With this daily feature, The Eagle runs down breaking local developments in the coronavirus crisis.
READY FOR CHALLENGE: Marylou Sudders, the state’s secretary of health and human services, is bullish on the way medical care in Massachusetts rose to the pandemic challenge.
“I have to tell you, the strength of our health care system, our health care delivery system, has never been stronger than in April and May and June, when the pandemic hit hard,” Sudders told listeners at an event held Tuesday by the Health Policy Commission.
That’s good, because evidence abounds of mounting disease. The state reported Tuesday that 821 new cases were confirmed. Hospitals were caring for 517 people with the virus, 94 of them in intensive care units.
For months, Sudders has overseen the state’s COVID-19 command center.
“There were a couple of weekends where the system felt stretched but never overrun, as has happened in other states,” she said, looking back on the first surge of cases last spring.
THE NUMBERS: Berkshire County’s death toll held at 51 as of Tuesday, with the confirmed COVID-19 case count up two, to 742, the state Department of Public Health said.
The DPH said five new deaths were reported in Massachusetts, pushing the statewide total to 9,537. Deaths including those listed as probably caused by COVID-19 are 9,758. Confirmed cases rose 821, to 142,295.
The case totals (and death counts) in neighboring counties: Franklin, up three, to 441 (72); Hampshire, up 11, to 1,412 (153); Hampden, up 46, to 9,171 (799). According to data provided by Johns Hopkins University, 118,892 people in Massachusetts with COVID-19 have recovered.
LONG-TERM CARE PICTURE: As of Tuesday, 25,301 cases have been confirmed among residents and staff of long-term care facilities, no change from Monday. In all, 390 facilities have had at least one confirmed case and have seen 6,293 deaths linked to COVID-19, up five.
BMC TEST RESULTS: As of Tuesday, Berkshire Medical Center reported having tested 30,058 people, with 680 positive results. There were 299 pending test results.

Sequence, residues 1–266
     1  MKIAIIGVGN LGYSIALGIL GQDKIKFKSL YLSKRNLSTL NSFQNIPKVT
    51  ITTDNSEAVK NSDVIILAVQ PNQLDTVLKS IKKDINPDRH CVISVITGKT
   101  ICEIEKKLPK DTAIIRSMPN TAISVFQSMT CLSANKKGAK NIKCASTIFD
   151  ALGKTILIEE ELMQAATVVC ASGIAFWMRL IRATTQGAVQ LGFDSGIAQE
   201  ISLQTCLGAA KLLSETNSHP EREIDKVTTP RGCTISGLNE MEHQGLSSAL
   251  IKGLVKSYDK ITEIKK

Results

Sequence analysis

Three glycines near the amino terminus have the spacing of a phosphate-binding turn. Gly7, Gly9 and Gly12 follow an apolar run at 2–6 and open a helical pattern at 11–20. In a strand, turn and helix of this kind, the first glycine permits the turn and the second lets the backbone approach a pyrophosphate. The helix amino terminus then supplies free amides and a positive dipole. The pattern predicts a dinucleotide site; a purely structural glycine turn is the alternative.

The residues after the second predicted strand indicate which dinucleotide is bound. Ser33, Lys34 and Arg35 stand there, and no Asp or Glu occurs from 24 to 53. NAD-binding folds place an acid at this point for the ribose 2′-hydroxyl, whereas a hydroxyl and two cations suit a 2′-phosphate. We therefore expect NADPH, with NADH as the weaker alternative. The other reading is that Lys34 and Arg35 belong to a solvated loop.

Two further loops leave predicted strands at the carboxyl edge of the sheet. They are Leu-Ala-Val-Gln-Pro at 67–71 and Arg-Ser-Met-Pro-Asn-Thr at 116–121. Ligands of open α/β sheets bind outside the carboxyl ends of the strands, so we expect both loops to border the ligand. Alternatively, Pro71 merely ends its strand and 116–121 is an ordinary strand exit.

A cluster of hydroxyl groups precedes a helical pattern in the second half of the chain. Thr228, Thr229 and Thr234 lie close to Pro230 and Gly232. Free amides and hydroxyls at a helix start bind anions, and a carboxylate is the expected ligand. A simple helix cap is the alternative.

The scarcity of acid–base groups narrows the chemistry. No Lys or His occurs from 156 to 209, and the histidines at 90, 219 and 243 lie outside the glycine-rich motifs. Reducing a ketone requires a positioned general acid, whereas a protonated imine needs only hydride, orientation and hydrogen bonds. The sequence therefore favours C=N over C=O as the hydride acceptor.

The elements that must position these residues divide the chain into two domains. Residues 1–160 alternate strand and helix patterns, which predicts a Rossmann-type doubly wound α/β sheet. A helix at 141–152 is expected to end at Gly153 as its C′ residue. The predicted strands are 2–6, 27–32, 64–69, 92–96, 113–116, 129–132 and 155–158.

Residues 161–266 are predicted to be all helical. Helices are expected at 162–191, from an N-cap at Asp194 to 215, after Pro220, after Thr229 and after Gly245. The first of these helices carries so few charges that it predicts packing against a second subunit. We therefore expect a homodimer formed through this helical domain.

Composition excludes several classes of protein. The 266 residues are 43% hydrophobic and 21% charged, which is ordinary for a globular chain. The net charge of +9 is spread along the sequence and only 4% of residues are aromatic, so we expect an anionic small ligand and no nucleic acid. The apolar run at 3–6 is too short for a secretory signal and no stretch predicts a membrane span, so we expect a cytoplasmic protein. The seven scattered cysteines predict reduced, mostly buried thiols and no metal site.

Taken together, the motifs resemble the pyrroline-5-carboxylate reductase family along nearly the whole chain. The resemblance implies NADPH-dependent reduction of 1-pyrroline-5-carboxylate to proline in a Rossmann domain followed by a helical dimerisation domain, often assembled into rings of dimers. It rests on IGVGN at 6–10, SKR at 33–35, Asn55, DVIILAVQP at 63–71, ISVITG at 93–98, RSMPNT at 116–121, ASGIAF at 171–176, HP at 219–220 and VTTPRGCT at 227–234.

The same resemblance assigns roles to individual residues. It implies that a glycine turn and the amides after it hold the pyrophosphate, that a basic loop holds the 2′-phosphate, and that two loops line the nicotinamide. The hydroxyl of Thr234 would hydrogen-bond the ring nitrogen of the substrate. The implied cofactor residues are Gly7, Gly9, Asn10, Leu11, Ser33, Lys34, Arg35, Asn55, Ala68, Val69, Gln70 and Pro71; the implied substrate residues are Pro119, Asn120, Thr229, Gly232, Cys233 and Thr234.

STOPPING AT RED LIGHT?: A state education official signaled Tuesday that health officials might revamp the way they categorize the spread of COVID-19 by community. That comes after complaints that clusters of cases in places like colleges, jails or nursing homes have tipped communities into the high-risk category, even though the nature of those communities tends to restrict the spread of the disease.
“We’ve seen how those places can skew a city’s or town’s data, and so we’re hoping that when the new metric comes out, it will take that into account,” Education Commissioner Jeffrey Riley said at a meeting Tuesday in Malden.
It’s an education issue because a change in status can affect how school districts in such areas make the call on in-person versus remote learning. The state’s next data dump on the ratings comes at 6 p.m. Wednesday, complete with a color-coded map.
WORLD OF COVID: Global cases top 40,632,190, with 1,121,574 deaths, according to data provided by Johns Hopkins. The U.S. has seen 8,258,568 cases and 220,806 deaths.
LEADING INDICATORS: The state Department of Public Health provides the following statistics as indicators in the fight against coronavirus infection. Each provides a number and then a change in either the count or “lowest observed value.” Tuesday’s figures:
• Seven-day weighted average of positive test rate: 1.3, up 63 percent (one-day rate of 6.2);
• Three-day average of number of COVID-19 patients in hospitals: 500, up 65 percent;
• Number of hospitals using surge capacity to care: 1;
• Three-day average of COVID-19 deaths: 15, up 61 percent.
AT THE COLLEGES: The Williams College daily dashboard said the campus did not administer any new tests for COVID-19 since Monday. In all, since Aug. 17, 24,937 tests have produced five positive results.
AT THE HOSPITALS: As of Tuesday, Berkshire Medical Center and Fairview Hospital in Great Barrington had no COVID-19 cases. The patient count for other western Massachusetts hospitals: Cooley Dickinson Hospital in Northampton, no cases; Baystate Franklin Medical Center in Greenfield, no cases; Baystate Medical Center in Springfield, 20 cases; Mercy Medical Center in Springfield, five cases; Holyoke Hospital, two cases; Baystate Noble Hospital in Westfield, two cases. The numbers include both confirmed and suspected cases.
Statewide, 517 people are hospitalized, with the latest daily admission of 173 people. Of those hospitalized, 94 are in ICU and 35 are on ventilators. To date, 5,239,651 tests for the virus have been conducted in Massachusetts, according to Johns Hopkins.
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